What bloggers told us about the state of the legal blogosphere
The blog is not a slog. Even as more people express themselves online in fleeting notes and images, law bloggers enjoy their more reflective discipline.
To mark a decade of the Blawg 100, the ABA Journal polled bloggers in its online directory, which now lists more than 4,000 legal-practice websites. Long-form legal writers in the State of the Legal Blogosphere Survey still find rewards in enhanced reputation, professional development and personal enjoyment.
There were 391 respondents to the survey; nearly half have been blogging for more than five years, so signs of fatigue would be expected. “After 13 years of blogging, it is increasingly difficult to come up with fresh topics,” says an anonymous solo practitioner.
Law bloggers display the persistent urge to expand their own knowledge. In return, they appreciate their role filling a knowledge gap in a wide range of legal specialties.
“For many people, their first step in legal research is to go to Google, not Westlaw or Nexis,” says Nashville, Tennessee, trial lawyer Todd Presnell, who blogs at Presnell on Privileges. “If you’re beginning to research an issue, blogs can be very helpful to focus your research quicker. Likely, somebody has looked at this issue and written about it.”
Nearly three-quarters of respondents read law blogs at least several times a week. Typically, they post to their blogs several times a week, and 93 percent plan to maintain or pick up the pace.
Law bloggers are an expert group. Nine in 10 are practicing attorneys or work in legal services, with a smattering of academics, law students, marketers, librarians and consultants.
In August, Baltimore lawyer Jeff E. Messing posted his 2,000th consecutive daily blog entry. He estimates he put 3,000 hours of work into those 2,000 posts. “That’s more than an associate is required to bill at big law firms,” he says. Sixty-three percent of bloggers say the typical item takes up to two hours to produce. Messing says his posts draw an audience beyond his practice area—both individuals with potential claims and other malpractice lawyers.
Blogging exerts a special pull on small-firm practitioners. Nearly half are in law firms or legal departments with 20 or fewer employees. Having limited ways to interact with peers, they turn to blogging to extend their network.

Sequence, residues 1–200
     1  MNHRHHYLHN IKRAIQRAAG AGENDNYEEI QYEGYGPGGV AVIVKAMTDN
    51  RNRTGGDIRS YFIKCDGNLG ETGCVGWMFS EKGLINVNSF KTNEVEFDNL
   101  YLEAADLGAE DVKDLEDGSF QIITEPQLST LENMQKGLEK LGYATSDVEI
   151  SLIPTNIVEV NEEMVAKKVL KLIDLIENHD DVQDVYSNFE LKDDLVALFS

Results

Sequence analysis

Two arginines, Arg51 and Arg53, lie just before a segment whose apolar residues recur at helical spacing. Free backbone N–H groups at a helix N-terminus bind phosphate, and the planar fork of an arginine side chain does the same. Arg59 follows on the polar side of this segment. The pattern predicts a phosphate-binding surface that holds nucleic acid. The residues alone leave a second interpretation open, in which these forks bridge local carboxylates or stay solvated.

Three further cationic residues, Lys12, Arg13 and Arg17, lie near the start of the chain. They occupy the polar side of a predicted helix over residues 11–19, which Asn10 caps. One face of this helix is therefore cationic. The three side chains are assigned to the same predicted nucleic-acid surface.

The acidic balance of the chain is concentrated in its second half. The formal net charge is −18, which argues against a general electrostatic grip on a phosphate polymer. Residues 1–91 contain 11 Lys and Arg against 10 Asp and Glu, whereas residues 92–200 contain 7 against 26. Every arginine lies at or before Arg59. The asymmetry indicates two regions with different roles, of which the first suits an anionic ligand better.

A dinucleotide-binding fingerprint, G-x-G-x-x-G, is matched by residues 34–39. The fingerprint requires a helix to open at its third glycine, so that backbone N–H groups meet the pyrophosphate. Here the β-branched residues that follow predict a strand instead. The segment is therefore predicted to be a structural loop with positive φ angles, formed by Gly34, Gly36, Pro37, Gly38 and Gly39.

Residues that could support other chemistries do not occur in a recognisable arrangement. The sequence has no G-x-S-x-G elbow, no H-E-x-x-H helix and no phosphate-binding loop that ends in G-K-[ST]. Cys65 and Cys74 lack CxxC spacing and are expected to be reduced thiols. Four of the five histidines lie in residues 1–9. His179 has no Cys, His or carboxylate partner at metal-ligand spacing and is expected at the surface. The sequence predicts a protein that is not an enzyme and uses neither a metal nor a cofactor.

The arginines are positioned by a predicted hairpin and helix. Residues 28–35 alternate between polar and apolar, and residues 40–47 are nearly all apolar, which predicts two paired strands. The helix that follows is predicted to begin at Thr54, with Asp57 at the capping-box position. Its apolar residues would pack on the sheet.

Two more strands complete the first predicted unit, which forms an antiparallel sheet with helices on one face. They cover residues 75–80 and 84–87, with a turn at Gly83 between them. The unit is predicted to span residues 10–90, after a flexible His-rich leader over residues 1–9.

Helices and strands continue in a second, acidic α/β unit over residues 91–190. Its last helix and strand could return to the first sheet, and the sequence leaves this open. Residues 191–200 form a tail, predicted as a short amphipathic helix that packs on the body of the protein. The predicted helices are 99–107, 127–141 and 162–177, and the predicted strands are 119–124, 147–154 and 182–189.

In evaluating their peers, law bloggers look to practice area and tone more than frequency of posts or experience. Comments about qualities that make a blog credible to them note the “ability of the blogger to make complicated topics easy [for] a nonlegal person to understand” and the “passion and dedication of [the] blogger.”
Law bloggers are attracted to practice-area expertise, legal news and trends. “Quality” was most often volunteered in comments from bloggers as a sign of law blog credibility, along with related concepts—practical insight, critical thinking, accuracy, scholarship and brevity. “Good writing is key. I’m not interested in case briefs, which so many blogs are,” one respondent writes.
Keith R. Lee launched Associate’s Mind, a blog for young lawyers, in his final year at the Birmingham School of Law. He continues the blog, though he’s now a partner in a three-lawyer practice in that Alabama city. But he contends that law bloggers no longer represent a community of lawyers. “Almost all new legal blogs are marketing schlock,” he says. “Most of the people who would have started a blog 10 years ago are on social media now. The community has gone to Twitter, but it’s not the best source for discussion.
“Back when I started, blogs were a conversation with lawyers about the law,” Lee adds. “The blawgosphere came from all these people engaging with each other. It was a very unique slice of time.“
Commentary and analysis are the bloggers’ most-cited content preferences. “The content in blogs tends to be less static and more dynamic and time-sensitive,” one solo lawyer writes. “I haven’t decided if that is a good thing or not.”